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Japanese Look to an Economic Support Package to Aid Market

Asia: Lawmakers propose a number of measures to calm investors and restore confidence, but others are wary.


TOKYO — Top Japanese lawmakers Friday reached into the back of their drawers and pulled out several tax break and emergency stock-support proposals designed to calm skittish stock market investors and restore faith in their leadership. In fact, the "emergency economic support package" may have done just the opposite.

"They've taken every measure they could think of, kooky or not, and just thrown it out there with this," said Craig Chudler, strategist with Nikko Salomon Smith Barney Japan. "That's the state they're reduced to."

The object of the government's confidence-building measures, the stock market, closed down 22.66 points at 12,627.90, near a 15-year low.

The government is desperate to boost share prices before March 31, the end of the Japanese fiscal year, to stave off a raft of bankruptcies and related shocks to the financial system.

The plan announced Friday includes proposals to cut capital gains tax for small investors, expand liquidity for Japan's shaky banks, accelerate write-offs of nonperforming loans and ease monetary policy.

On the face of it, these are all sound ideas, and some of them may offer long-term benefits. The problem, analysts say, is that the package was rushed through by a small group of lawmakers and its results are expected to spur infighting. As such, the measures seem designed more for appearance than for tackling Japan's many structural problems.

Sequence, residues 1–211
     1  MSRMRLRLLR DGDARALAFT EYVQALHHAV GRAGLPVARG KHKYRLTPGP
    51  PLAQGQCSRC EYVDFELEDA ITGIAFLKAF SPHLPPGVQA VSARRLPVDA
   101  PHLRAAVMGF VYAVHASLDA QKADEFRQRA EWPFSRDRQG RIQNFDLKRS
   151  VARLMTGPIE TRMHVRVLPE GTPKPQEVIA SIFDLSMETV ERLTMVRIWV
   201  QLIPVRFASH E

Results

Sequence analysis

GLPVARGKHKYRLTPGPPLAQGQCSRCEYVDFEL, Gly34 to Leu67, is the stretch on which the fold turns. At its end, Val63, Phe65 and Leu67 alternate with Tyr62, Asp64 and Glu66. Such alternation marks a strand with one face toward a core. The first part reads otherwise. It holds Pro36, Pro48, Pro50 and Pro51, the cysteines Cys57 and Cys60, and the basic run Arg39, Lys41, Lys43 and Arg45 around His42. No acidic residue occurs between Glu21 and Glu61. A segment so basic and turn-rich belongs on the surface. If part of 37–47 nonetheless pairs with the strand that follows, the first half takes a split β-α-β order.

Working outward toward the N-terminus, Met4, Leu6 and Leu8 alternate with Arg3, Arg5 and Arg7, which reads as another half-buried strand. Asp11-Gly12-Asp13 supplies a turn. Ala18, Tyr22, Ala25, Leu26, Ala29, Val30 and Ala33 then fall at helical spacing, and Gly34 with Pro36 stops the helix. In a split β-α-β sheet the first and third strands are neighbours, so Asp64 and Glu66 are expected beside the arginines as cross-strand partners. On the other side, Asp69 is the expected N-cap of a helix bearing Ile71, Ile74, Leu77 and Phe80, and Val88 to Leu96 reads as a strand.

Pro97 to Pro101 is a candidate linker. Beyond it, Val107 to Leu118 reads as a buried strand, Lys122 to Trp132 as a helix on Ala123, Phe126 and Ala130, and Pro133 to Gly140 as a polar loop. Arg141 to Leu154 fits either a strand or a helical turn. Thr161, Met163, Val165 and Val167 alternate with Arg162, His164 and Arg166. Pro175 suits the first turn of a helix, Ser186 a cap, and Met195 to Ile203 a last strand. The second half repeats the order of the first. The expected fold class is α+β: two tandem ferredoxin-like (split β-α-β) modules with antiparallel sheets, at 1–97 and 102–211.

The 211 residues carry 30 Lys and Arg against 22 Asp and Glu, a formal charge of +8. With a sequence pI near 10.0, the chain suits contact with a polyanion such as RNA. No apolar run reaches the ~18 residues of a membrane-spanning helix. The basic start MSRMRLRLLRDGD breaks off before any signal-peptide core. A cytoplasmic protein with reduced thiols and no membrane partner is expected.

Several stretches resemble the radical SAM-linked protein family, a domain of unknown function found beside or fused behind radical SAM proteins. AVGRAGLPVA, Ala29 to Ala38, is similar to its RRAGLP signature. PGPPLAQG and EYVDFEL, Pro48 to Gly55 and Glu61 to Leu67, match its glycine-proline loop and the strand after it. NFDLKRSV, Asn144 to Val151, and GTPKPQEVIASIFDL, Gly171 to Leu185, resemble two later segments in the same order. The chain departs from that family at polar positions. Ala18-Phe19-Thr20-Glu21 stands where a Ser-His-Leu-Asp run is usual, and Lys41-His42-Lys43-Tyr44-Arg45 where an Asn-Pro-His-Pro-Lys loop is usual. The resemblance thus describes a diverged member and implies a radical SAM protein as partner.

"They took these measures because they felt someone had to do something, but there's nothing new here," said Junji Ota, analyst with Okasan Securities. "The Japanese economic situation is hopeless."

Just hours after the plan was announced, fellow members of the ruling Liberal Democratic Party who sit on the party's tax committee condemned the plan because they were not consulted and because the proposed tax breaks come at a time when Japan's debt already is at record levels.

Even the individual measures outlined Friday seem to be less than meet the eye. The plan would cut taxes for individual investors who earn capital gains or dividends, for example, in a move designed to boost demand for stocks. But small investors make up only about 20% of the market, said Chang Yi, analyst with Sumitomo Asset Management.

Although tax cuts are welcome and could offer long-term benefits, small investors arguably don't invest for more fundamental reasons. Shareholder rights are weak, dividends tend to be very small, the outlook for Japanese corporate earnings is poor and few investors anticipate capital gains, let alone worry about capital gains taxes.

"They're just applying a bit more veneer. This package is just another stopgap," said Yoshikazu Takekoshi, a 50-year-old Tokyo salaryman. "I have no intention of buying any stocks. I can't see much hope ahead and most people I know just seem to be getting more worried."